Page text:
Cracking the GMAT AWA Section

Writing may sound easy but try expressing your criticism of an argument, in the most cohesive and logical manner and within 30 minutes, you will realise what is a writer’s block. The GMAT AWA section is exactly that, you need to critique the author’s argument presented to you. So, read this article to learn more about the GMAT AWA and the GMAT subjects you need to master to ace this section of the GMAT exam. 

What is the GMAT Analytical Writing Assessment section? 

The Analytical writing assessment is one of the sections you will encounter in the GMAT test. You will have to critique an argument as mentioned above, and write an essay within 30 minutes. You will be gauged on your ability to critically examine the reasoning behind the argument provided and the depth of your criticism by supporting it with valid points. The GMAT subject provided to you in the AWA section is based on general interest and nothing specific to a particular topic. Hence, you are not expected to elaborate your knowledge on the subject, rather you’re expected to be as analytical as possible. 

GMAT Analytical Writing Assessment Tips

To crack the analytical writing assessment, it is essential to incorporate your ideas in a logical manner. Hence, here are a few tips that can help you when preparing for the analytical writing assessment or the GMAT AWA section:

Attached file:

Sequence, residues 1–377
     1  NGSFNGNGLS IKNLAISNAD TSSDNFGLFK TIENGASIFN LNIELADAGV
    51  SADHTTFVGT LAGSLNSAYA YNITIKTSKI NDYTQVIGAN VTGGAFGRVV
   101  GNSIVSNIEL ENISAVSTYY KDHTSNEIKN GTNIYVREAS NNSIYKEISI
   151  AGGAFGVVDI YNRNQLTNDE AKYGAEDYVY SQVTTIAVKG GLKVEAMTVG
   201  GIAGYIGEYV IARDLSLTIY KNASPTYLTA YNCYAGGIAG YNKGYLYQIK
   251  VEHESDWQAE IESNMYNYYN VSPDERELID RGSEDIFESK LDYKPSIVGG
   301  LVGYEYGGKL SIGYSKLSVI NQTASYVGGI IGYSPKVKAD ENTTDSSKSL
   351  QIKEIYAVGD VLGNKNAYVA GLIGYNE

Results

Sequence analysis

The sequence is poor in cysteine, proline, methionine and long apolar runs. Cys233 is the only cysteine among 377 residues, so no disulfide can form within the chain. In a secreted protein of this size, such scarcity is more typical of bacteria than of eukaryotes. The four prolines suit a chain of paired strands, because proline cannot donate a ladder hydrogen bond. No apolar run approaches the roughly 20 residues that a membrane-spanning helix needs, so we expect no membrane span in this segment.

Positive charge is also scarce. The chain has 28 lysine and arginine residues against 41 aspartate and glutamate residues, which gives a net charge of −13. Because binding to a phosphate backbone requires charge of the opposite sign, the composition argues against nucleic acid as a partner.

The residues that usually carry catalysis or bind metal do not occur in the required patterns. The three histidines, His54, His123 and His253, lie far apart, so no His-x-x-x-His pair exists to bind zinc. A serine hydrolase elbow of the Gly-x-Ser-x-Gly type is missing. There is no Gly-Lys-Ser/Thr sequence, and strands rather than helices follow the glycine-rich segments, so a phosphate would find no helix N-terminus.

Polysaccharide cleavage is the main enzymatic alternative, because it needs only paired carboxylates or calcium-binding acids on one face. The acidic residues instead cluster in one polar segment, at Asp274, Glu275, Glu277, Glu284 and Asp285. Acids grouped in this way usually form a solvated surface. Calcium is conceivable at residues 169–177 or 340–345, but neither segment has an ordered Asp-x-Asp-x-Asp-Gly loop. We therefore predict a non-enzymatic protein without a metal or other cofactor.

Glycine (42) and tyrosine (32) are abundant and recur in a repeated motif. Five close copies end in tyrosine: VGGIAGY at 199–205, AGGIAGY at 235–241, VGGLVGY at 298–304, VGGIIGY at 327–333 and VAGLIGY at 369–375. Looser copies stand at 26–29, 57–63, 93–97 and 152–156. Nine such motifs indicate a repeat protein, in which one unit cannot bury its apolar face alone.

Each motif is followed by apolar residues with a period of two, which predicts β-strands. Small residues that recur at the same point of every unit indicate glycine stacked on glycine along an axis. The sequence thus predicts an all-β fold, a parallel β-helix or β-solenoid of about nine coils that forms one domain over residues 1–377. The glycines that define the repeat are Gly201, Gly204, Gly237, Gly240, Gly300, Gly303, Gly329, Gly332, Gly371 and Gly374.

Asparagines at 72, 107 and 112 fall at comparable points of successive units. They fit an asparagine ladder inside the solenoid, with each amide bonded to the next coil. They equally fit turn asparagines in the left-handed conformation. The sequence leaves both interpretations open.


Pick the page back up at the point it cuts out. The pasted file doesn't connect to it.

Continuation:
Your essay should be in the following structure:

  1. Introduction – In the first paragraph of your essay make sure to reiterate the argument and present the flaws in the argument. Furthermore, this is the section where you should introduce your key points to the reader.
  2. Paragraph One – In the first paragraph, you should introduce your first criticism and support it with relevant examples.
  3. Paragraph Two – Mention your second criticism and relevant examples to support your criticism.
  4. Paragraph Three – In this paragraph, you should ask a few questions to point to the absence of information that will further weaken the argument.
  5. Paragraph Four – You should recommend certain information that you feel would help strengthen the argument.
  6. Conclusion – Lastly, you should state that the argument is flawed due to the reasons mentioned and which reasons strengthen the argument.

Furthermore, if you need assistance with practising for the analytical writing assessment section of the GMAT then you can check out the AWA practice tool offered by GMAC on its official website called GMAT Write. Moreover, once you’ve written an essay you can have it scored at a price of $29.99. 

Now that we have explained to you about the GMAT AWA section and provided you with a brief outline of what an ideal essay should look like, you’re in a better position to answer the AWA section. 


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